The greatest volume of original military records is held by the National Archives and Records Administration (NARA). Many pre–World War I records can be searched in person at the National Archives. Microfilm copies of significant pre–World War 1 collections and indexes have been microfilmed and many libraries have copies. The library with the largest collection of microfilmed U.S. military records is the Family History Library of The Church of Jesus Christ of Latter-day Saints. Genealogists who have access to the microfilmed records can search them more efficiently by following the tables presented in this chapter. To effectively use the collection of the Family History Library in Salt Lake City or one of its Family History Centers, check the current “U.S. Military Records Research Outline” which may be ordered or printed from FamilySearch.org. This provides a cross-reference from the NARA microfilm number to the call number assigned by the Family History Library.
The scope of content and the complexity of arrangement of the military records most often consulted by researchers is fully explained in Anne Bruner Eales and Robert M. Kvasnicka, Guide to Genealogical Research in the National Archives of the United States. Six chapters of this essential Guide are devoted to military records.
Genealogists most often seek information from three general types of records that are available from NARA: (1) military service records; (2) pension claims files; and (3) bounty-land warrant applications (granted only for service in the Mexican and earlier wars). Once a pre–World War I record (or records) is identified in an index, a photocopy request should be sent to the National Archives and Records Administration. Requests may be made online at the National Archives website, <www.archives.gov>, or by mail using NATF Form 86 for service records and NATF Form 85 for pension or bounty-land files. A search of these records cannot be completed without the full name of the veteran, his branch of service, the state from which he served, and the war in which he served. Expect an eight-week processing time before you receive the records. Details for ordering and printable forms are on the website.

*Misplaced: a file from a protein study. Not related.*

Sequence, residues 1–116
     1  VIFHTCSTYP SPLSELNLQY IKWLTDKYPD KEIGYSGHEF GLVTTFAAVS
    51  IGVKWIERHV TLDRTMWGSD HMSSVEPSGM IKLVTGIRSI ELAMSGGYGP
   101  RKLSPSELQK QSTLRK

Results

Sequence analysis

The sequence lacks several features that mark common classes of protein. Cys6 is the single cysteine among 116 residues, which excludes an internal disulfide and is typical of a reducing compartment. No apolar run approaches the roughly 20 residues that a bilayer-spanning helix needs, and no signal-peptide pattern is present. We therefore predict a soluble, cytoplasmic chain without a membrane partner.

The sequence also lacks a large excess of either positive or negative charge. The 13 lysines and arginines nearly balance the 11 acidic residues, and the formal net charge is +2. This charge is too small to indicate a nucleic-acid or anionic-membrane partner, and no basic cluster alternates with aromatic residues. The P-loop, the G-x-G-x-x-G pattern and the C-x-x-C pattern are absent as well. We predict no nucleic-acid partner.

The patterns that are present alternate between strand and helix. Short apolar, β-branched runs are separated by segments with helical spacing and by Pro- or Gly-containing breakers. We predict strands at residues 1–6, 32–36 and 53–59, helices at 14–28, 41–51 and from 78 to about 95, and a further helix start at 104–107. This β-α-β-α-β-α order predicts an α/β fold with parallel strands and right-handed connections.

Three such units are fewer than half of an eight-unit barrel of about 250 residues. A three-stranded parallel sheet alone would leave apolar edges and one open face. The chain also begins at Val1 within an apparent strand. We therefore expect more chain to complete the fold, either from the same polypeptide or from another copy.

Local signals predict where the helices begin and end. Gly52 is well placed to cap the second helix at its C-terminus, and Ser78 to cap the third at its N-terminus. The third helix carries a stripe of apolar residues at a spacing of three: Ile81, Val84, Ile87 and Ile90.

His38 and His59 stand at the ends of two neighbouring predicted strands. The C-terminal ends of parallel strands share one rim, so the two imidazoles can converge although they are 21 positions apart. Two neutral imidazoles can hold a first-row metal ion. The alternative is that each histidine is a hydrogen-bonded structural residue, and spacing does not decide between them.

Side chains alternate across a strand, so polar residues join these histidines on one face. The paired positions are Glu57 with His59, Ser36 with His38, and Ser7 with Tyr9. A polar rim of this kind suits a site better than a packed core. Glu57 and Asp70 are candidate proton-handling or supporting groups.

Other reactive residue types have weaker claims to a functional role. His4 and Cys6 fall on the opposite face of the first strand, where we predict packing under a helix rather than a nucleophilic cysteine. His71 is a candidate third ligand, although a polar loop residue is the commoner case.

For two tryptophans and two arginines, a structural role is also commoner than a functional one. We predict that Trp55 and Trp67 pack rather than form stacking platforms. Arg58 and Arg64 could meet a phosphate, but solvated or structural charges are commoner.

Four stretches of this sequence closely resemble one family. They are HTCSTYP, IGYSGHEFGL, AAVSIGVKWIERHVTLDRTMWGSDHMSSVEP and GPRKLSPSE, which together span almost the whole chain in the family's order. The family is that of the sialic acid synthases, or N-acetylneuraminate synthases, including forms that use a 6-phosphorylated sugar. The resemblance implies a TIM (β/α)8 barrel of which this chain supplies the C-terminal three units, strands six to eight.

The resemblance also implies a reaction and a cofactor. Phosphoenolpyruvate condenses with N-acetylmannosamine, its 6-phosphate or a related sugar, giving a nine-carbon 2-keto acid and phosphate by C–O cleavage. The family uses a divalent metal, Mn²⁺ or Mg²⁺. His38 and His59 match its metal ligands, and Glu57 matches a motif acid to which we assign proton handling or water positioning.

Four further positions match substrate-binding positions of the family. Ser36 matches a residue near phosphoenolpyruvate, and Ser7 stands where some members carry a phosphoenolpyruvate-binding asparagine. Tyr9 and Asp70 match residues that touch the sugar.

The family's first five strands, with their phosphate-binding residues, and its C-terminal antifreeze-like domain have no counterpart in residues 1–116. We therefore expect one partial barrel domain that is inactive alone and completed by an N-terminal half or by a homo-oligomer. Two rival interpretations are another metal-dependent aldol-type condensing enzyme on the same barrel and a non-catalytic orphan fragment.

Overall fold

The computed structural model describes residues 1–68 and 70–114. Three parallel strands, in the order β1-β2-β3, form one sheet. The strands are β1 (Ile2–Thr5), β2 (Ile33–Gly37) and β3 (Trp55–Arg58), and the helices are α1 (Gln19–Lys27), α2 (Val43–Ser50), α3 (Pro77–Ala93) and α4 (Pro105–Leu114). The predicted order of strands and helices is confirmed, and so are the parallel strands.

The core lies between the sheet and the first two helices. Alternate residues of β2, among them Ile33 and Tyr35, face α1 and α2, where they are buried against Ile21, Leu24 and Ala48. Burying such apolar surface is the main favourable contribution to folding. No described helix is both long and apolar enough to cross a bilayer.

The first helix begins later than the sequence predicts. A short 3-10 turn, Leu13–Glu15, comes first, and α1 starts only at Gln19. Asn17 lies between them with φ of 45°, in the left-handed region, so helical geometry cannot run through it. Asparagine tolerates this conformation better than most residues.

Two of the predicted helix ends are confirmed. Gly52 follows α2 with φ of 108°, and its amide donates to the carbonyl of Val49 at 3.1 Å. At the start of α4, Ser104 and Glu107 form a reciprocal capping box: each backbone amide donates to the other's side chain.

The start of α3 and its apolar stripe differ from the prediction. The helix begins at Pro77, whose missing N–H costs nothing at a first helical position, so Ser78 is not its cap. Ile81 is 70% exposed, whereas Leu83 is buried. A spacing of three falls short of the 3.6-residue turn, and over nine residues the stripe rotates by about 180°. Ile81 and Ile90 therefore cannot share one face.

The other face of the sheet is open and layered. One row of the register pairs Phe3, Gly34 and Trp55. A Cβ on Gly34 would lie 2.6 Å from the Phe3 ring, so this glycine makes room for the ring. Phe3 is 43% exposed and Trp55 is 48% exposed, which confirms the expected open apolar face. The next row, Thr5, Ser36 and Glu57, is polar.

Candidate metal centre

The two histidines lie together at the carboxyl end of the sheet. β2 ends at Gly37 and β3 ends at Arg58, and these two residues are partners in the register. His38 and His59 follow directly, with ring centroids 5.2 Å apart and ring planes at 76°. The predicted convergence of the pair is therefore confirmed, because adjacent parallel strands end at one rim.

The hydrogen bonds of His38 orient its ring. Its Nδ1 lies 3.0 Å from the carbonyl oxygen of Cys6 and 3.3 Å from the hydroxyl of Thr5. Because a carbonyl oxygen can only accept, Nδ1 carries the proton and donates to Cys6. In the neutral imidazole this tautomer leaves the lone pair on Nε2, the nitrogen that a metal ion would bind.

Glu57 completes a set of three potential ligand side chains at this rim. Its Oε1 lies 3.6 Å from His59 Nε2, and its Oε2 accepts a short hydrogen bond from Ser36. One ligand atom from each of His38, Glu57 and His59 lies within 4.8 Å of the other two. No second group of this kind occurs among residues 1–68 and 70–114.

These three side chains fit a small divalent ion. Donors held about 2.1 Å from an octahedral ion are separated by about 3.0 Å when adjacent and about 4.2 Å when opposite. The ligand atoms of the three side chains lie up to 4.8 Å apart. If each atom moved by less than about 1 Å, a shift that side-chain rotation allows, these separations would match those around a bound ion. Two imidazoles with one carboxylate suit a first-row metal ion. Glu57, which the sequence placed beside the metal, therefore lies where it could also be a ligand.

In addition to original federal records, there are large collections of military records that document state military activity by service personnel. An example of these are the World War II bonuses that some states paid to veterans. Many of the records held at the state level are being indexed and digitized and placed online by state government repositories. Local and county-wide projects by volunteers and major databases by commercial enterprises have also contributed to the wealth of online resources. Because the list of important websites grows daily, only a few are listed at the end of this chapter.
Much information appears in manuscript and print form as well. Take full advantage of the excellent histories of military wars and conflicts, the personal written accounts of those who witnessed action, and published lists, such as the many Revolutionary War roster lists and other service records that may be found in historical and genealogical periodicals. For a list of titles of rosters for early wars, consult the chapter reference list.
There are three goals that will help the genealogist to discover information about a military ancestor: (1) acquire a view of historical context; (2) identify the original records that require searching; and (3) examine secondary sources, such as compilations of material not easily found elsewhere.
Hundreds of volumes pertain to the military history of the United States and to the service and pension/bounty-land programs that were in effect prior to the modern wars. These provide the setting and the conditions, legal and social, which your military ancestor would have experienced; hence, the historical context.
Records may be identified in two highly recommended sources: James C. Neagles’s U.S. Military Records: A Guide to Federal and State Sources, Colonial America to the Present and Anne Bruner Eales’s and Robert M. Kvasnicka’s Guide to Genealogical Research in the National Archives of the United States.
Both describe in detail the specific records that hold primary evidence of military involvement. Also useful, although less detailed, are Trevor K. Plante’s An Overview of Records at the National Archives Relating to Military Service, and U.S. Military Records in the Research Outline series published online by the Family History Library at FamilySearch.org. The essential website for finding information on federal records and finding aids is the website of the National Archives and Records Administration.
The final goal, to examine secondary sources, is accomplished by exploring transcripts, indexes, and compilations that bring together a variety of information. These may be published as online databases or in print, CD, or microform editions. While there is no known comprehensive bibliography to compiled sources, a partial list of printed materials and websites is provided at the end of this chapter.